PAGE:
Complan, Horlics, Boost.... Are They Really Health drinks???

7th February 2013
We see a whole lot of marketing activity for health drinks targeting children. They are too convincing. To a extend that we will be pushed to take sides. There are parents who do not loose out betting on a loosing horse, they go for one health drink for morning and another for the evening (That is wise). And it looks like it is a obvious decision to try out these health drinks which will make the kids taller, or stronger or sharper. Who would say 'No' when a drink can do this.
But when did all this become a necessity? Suddenly did the kids stop growing taller or were becoming dull, that these health drinks came to rescue the mankind. During the days before these health drinks came in, did we not have taller kids.
This is almost a no loss market.
These is the way I think the market is split:
1. A kid does not have any special health drink. Eats and lives a healthy life. There is no blame or praise on these health drinks. The kid will have a natural growth that a human kid should have.
2. Start giving a kid with health drink A. It is obvious that the kid will grow when it is the age they grow. Now the parent gains more confidence and star to endorse this product to other parents. They continue to use it and others might start to use it as they thing it is producing results.
3. Kid starts with health drink A. Parent feels that the growth is not up to expectation. They either start giving more or switch over to health drink B.
For any of these cases, the kid will surely grow if the kid is suppose to grow naturally. If this is false, then the kids should not grow as much if they are not taking any special health drink.
Another very important point to be noted. There is always a disclaimer on all these ads. And the disclaimer are meant for legal purpose and not with the intention to declare it to the audience.
Kids are not guinea pigs, where you test them in a controlled environment or from a hand picked numbers and generalize it to millions. Can any of these companies reveal how the testing was done through which they derive at these super human conclusions. What is the base line they are using for these results.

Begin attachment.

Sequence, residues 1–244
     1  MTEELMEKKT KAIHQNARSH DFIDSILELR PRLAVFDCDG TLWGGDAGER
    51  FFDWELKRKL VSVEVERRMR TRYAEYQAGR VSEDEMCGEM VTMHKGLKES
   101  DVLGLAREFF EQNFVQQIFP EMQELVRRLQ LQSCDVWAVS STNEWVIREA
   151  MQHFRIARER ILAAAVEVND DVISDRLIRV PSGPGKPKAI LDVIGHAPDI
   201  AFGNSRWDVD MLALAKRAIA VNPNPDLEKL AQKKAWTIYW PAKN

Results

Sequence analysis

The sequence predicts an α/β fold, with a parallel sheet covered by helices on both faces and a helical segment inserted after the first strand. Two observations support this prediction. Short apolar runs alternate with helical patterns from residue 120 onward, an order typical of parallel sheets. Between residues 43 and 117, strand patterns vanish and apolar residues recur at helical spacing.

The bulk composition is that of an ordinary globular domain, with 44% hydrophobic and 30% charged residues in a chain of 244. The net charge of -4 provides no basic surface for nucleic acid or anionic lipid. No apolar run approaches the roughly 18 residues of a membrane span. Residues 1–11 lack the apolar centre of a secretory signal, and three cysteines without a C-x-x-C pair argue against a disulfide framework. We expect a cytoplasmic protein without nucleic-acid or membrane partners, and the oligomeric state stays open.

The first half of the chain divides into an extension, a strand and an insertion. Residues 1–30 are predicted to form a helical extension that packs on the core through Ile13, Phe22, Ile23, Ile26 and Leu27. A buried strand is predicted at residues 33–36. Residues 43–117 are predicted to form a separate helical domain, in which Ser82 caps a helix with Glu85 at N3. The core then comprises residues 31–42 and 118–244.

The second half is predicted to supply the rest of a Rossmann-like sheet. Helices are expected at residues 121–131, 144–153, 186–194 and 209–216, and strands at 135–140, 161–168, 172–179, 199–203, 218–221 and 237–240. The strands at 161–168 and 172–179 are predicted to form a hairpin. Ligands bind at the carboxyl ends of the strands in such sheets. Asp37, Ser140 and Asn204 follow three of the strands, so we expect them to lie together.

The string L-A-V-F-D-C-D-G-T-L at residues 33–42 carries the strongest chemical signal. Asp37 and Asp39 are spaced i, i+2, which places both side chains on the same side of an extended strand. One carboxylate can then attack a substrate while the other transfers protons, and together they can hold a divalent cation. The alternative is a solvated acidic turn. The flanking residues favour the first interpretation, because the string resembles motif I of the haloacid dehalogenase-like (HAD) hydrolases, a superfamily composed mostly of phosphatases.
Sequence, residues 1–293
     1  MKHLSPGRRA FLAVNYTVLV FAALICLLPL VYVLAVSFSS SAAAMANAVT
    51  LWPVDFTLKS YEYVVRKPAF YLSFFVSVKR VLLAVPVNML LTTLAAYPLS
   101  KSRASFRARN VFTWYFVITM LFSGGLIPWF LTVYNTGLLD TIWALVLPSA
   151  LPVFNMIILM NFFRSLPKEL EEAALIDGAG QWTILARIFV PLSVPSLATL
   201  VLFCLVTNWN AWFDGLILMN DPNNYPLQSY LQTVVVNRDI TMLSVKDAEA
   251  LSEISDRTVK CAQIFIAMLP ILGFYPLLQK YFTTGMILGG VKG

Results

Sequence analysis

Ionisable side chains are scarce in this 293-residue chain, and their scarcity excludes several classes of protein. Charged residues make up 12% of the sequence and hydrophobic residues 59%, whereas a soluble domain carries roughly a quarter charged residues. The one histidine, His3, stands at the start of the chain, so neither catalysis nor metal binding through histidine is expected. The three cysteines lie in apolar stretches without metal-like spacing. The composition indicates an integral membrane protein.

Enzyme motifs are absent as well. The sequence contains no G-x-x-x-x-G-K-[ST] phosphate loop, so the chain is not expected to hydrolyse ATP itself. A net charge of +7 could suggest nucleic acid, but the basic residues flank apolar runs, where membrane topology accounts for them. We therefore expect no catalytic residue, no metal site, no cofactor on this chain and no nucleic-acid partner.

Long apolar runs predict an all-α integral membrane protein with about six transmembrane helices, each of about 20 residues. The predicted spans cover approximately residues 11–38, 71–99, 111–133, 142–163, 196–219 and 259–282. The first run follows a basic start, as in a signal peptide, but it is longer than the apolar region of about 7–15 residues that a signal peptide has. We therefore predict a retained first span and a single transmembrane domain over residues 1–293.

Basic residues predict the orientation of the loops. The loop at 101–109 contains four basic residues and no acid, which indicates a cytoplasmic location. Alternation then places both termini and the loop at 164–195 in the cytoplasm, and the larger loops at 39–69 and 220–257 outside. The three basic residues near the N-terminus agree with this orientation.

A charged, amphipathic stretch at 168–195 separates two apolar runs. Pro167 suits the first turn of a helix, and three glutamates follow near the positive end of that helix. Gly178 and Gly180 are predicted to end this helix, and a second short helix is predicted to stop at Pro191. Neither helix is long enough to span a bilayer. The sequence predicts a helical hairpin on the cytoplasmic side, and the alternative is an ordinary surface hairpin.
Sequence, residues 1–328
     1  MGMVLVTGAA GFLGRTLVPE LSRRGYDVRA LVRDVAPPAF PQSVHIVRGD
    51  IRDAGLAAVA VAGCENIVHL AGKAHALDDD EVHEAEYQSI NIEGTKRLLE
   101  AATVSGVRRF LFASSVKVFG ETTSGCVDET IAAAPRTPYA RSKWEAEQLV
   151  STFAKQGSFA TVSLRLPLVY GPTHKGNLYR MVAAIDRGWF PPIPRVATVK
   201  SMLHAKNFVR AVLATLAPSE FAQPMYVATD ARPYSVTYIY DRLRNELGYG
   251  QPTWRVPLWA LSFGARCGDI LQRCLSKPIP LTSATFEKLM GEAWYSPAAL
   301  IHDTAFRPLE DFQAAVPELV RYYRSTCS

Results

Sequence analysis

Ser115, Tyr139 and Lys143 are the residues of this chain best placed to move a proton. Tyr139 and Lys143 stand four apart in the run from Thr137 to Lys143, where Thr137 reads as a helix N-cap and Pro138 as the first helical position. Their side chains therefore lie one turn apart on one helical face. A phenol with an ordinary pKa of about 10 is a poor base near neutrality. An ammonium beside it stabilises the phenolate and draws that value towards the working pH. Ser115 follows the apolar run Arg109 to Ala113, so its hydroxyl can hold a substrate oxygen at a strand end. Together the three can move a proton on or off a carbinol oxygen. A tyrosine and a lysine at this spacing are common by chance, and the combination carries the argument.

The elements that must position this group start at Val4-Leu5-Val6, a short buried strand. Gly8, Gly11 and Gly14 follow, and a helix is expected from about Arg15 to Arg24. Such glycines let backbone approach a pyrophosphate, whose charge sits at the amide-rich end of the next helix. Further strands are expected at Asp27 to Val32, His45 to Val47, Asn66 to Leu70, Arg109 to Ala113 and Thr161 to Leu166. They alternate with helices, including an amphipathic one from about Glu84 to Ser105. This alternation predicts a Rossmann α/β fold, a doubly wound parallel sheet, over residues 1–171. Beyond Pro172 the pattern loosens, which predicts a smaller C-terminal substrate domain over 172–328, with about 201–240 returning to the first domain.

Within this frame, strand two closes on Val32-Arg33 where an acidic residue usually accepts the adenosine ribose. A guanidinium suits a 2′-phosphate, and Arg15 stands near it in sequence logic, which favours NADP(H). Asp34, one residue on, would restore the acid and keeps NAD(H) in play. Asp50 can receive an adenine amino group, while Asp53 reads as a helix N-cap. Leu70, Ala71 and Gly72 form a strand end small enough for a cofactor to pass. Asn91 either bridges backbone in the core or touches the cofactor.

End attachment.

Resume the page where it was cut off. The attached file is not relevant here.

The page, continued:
There are also cases against few of these ads. But I am not sure what action is taken.
These are totally unethical practices, driving a fear factor and pushing a product.
One more very interesting product where false or hyped marketing is used. It is the Foodles from Horlics. It is advertised a 4 grain noodles. Wow, it is natural, whole grain, highly nutritious.
If you go in to the detail, you will see how much of these four grains are used per serving.
Here is the ingredient for the noodles that is branded as Foodles,
Noodles : Wheat 75%, Rice 1.2%, Corn 1.2%, Ragi 1.2%, Edible vegetable oil, minerals and salt.
As you can see Rice, Corn and Ragi constitute for 1.2% each in the 80 gram pack. So 0.96 gram is each of these grains are used. Do we really need to go for the brand that says it is 4 grain, to get less than 1 gram of rice, corn and ragi. May be they are 75% true. Coz it will equal to a grain if rice, ragi and corn to make up the 1 gram, so they are in deed using 3 grains in total. I think they are telling the truth, we are taking is wrong.
Consumers are left in the dark by clever marketing. We cannot blame the advertisements unless we want to check what it is that we are buying.
Update on 20/May/2015:
News report says Maggie contains dangerous level of Lead (pb) and above the permissible level of MSG. Uttar Pradesh government has ordered to recall all March/2015 batch of Maggie noodles from the state. Obviously it is too late. People have already consumed it or is already sold and is waiting to poison the next kid.
Note: I do eat this junk, and I do like it. But I know what I am paying for is junk, and not for the F.O.U.R grains in it.
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